When poets refer to other great works, people, and events, it’s usually not accidental. Put on your super-sleuth hat and figure out why.
- Chapman: The Chapman in the title is George Chapman, who translated Homer's work in the seventeenth century. Interestingly, the Chapman translation was widely considered inferior to the more famous Alexander Pope translation.
- Apollo: Fine, he isn't technically a person, but he's the god of poetry in Greek mythology. (4)
- Homer: He's the blind, epic poet who composed The Iliad and The Odyssey. He is regarded as sort of the father (or great-great grandfather) of poetry. (6)
- Cortez: Keats references this Spanish explorer, but he really means Balboa, the explorer who hiked across Panama and laid eyes on the Pacific Ocean. (11)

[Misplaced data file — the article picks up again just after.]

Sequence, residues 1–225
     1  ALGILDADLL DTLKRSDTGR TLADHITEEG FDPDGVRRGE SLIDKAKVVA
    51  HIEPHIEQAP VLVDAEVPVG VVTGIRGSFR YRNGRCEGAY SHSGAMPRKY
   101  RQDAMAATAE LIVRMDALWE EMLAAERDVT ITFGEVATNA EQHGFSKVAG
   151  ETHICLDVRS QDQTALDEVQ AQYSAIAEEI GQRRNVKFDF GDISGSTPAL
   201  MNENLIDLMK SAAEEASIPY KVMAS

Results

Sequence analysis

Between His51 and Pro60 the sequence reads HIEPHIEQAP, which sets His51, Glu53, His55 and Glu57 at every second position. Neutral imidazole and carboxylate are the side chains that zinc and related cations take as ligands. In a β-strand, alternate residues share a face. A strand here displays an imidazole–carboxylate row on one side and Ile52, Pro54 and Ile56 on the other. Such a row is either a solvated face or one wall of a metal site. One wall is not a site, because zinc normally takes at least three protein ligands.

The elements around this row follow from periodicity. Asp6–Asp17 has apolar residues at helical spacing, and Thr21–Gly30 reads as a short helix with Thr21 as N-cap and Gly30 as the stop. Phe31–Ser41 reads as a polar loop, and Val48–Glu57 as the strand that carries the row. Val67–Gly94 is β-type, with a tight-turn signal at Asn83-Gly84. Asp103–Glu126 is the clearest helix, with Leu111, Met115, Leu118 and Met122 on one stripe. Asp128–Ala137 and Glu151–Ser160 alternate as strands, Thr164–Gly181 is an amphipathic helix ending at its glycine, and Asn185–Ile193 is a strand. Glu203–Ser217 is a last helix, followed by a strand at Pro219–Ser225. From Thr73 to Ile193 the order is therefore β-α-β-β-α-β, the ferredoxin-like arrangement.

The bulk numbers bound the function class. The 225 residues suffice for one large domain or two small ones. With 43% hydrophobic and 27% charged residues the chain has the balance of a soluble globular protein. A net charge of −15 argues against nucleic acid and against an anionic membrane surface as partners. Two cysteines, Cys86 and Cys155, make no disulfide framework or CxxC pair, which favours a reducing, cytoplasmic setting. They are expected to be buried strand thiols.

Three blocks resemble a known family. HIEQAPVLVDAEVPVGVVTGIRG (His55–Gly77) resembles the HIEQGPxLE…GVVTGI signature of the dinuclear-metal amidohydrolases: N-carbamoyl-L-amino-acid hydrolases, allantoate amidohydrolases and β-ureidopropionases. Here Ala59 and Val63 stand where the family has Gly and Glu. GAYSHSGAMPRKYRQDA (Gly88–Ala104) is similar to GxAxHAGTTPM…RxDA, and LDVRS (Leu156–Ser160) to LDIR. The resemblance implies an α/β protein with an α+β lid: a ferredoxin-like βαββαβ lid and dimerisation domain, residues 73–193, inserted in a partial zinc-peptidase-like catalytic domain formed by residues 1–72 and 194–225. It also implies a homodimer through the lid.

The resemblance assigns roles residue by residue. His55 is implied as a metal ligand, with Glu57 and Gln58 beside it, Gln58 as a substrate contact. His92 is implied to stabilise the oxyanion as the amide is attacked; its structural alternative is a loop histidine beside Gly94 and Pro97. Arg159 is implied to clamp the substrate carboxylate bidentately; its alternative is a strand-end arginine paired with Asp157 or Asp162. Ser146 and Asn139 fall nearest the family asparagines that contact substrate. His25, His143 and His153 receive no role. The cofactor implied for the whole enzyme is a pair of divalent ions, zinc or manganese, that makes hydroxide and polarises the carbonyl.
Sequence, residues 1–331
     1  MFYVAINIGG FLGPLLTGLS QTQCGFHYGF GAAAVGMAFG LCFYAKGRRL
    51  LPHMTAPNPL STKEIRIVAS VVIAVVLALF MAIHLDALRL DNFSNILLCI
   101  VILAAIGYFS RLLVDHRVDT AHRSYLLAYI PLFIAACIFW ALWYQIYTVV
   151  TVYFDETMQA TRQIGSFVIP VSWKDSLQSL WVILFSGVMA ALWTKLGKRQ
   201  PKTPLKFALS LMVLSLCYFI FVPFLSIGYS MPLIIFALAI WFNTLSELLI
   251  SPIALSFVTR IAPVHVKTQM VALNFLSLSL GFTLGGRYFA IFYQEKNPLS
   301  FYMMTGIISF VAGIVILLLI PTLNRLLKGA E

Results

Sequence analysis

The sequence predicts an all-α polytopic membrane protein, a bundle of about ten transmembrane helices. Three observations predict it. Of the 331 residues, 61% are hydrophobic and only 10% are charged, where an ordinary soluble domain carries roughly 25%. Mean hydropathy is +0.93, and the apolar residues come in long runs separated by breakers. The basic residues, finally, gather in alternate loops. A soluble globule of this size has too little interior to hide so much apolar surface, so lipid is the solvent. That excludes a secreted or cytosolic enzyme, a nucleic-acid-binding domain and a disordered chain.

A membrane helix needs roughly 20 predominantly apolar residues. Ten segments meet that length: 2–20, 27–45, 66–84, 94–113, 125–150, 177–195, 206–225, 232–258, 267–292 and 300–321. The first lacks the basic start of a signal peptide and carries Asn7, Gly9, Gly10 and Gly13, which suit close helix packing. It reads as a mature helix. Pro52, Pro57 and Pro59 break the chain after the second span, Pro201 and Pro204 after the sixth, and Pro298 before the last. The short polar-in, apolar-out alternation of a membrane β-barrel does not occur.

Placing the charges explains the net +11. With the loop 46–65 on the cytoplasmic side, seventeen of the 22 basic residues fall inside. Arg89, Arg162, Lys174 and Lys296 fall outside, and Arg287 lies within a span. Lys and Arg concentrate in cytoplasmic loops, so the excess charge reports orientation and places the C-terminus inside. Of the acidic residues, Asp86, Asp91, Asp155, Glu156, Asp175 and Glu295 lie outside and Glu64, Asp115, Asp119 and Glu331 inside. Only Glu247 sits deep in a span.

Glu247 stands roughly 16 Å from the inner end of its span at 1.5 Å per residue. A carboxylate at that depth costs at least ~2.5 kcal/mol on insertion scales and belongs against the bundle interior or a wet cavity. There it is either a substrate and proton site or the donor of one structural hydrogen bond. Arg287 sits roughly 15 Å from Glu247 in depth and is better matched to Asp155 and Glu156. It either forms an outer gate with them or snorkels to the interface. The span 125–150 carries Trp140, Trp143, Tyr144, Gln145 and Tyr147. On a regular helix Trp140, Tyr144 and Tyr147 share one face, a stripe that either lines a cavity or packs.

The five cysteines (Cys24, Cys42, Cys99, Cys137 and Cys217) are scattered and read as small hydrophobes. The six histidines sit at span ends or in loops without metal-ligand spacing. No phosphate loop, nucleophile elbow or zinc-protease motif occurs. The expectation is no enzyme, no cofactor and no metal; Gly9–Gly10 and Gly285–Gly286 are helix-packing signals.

- "Western islands": These refer to the West Indies, though in context they also give a shout out to the islands around Greece where The Odyssey is set. (3)
- The Pacific: The ocean gets a nod from Keats. Specifically, he's referring to the first discovery of the world's largest ocean by the Spanish explorer Balboa.(12)
- Darien: This is the province in Panama in which Balboa first saw the ocean. (14)
- Uranus: No jokes, please. Keats gives a shout-out to the relatively recent discovery of Uranus by Sir William Herschel in 1781. This was a very big deal as it was the first planet not found by the astronomers of antiquity. (10)
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